Capturing someone’s full attention while communicating with them is becoming increasingly difficult in our connected world.
This is not because we are trying to interrupt people who are multi-tasking because people who multi-task are foolishly attempting to juggle several tasks at once in a vain attempt to be more productive. Instead, people who are constantly staying engaged through email, text messages and social media are spreading themselves out too thin, by focusing a part of their attention to continually scan for opportunities to optimize the best activities and contacts at any given moment.
Linda Stone calls this a state of “continuous partial attention.” This has become a significant social problem in part due to the blurring of the lines between work and personal time as a result of advances in the technology we use to communicate.
Technology offers illusion of companionship without the demands of friendship
Even during our leisure time we feel pressure to stay connected, and there is an allure to this which we are all susceptible, states Sherry Turkle, author of Alone Together. “Technology offers the illusion of companionship without the demands of friendship.”
Turkle goes on to lament that in the 21st century public places like cafes have become mere social collections, where people are connected to networks but inaccessible to those around them. Not surprisingly, we have come to expect more from technology and less from each other –and this is definitely a problem.
We need to give our full attention to the people and moments in our lives that matter
Michele Kambolis is a clinical therapist and author of Generation Stressed. “While technology can serve as a powerful mechanism towards education, global connection and harmony, when it begins to interfere with the basic human need to cultivate connection and attachment then we have become a culture in crisis,” Kambolis says. “Studies show that pervasive internet use has negative effects on memory, is related to sleep problems, school difficulties, inattention, obesity, impatience, relationship problems and narcissism.”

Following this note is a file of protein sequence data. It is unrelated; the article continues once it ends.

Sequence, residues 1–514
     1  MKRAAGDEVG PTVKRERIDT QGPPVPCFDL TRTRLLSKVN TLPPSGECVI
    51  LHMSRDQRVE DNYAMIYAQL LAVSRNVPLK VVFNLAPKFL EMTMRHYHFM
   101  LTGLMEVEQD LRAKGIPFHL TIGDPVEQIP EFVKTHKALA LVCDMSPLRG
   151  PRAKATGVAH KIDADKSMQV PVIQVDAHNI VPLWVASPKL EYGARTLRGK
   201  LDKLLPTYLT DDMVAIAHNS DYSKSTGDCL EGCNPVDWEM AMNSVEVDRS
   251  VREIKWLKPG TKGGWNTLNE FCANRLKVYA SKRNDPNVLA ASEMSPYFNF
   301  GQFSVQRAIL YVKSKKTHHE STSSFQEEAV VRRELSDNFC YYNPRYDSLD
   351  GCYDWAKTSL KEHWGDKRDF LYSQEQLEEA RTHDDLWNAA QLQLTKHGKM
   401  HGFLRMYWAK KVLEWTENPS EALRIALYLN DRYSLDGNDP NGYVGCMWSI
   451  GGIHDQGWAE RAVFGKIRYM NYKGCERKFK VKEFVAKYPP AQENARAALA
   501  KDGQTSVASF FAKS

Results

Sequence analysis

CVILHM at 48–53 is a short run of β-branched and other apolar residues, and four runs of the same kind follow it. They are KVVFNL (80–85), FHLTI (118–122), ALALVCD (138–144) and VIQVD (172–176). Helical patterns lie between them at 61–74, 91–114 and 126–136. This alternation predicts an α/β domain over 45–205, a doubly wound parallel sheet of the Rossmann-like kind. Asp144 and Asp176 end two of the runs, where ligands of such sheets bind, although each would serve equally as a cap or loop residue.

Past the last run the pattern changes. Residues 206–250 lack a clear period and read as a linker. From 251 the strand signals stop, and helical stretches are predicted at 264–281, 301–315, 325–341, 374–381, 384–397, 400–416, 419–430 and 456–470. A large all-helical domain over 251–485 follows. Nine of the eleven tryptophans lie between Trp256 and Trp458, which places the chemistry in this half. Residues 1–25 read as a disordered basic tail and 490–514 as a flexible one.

She also draws attention to countries like Germany that have banned managers of large firms like Volkswagen and BMW from calling or emailing staff outside of work hours. Such efforts aim to improve work-life balance and allow parents to spend more quality, disconnected time with their families.
It’s important for your children to disconnect too
“It is also a concern that children growing up in this environment spend less time engaged in other activities critical to developing empathy, emotion regulation, literacy and basic attachment,” says Michele Kambolis. “Disconnecting from technology gives children the kind of brain rest they need to synthesize information and even develop their sense of self. When children stay connected to their devices, they have shown to suffer from poor grades, lack of peer connection, and deep unhappiness.”
She suggests that for this reason we need to set boundaries, not only for ourselves but for our families.
Some other suggestions she makes are powering down at dinner time, in the car, and creating screen free zones by removing television and computers from rooms in the house like the bedroom. If we do that, we will not only sleep better, but live better. Read more about Michele’s suggestions for regulating children’s technology use in her book, or through her weekly column featured in the Vancouver Sun, titled: “Parent Traps.”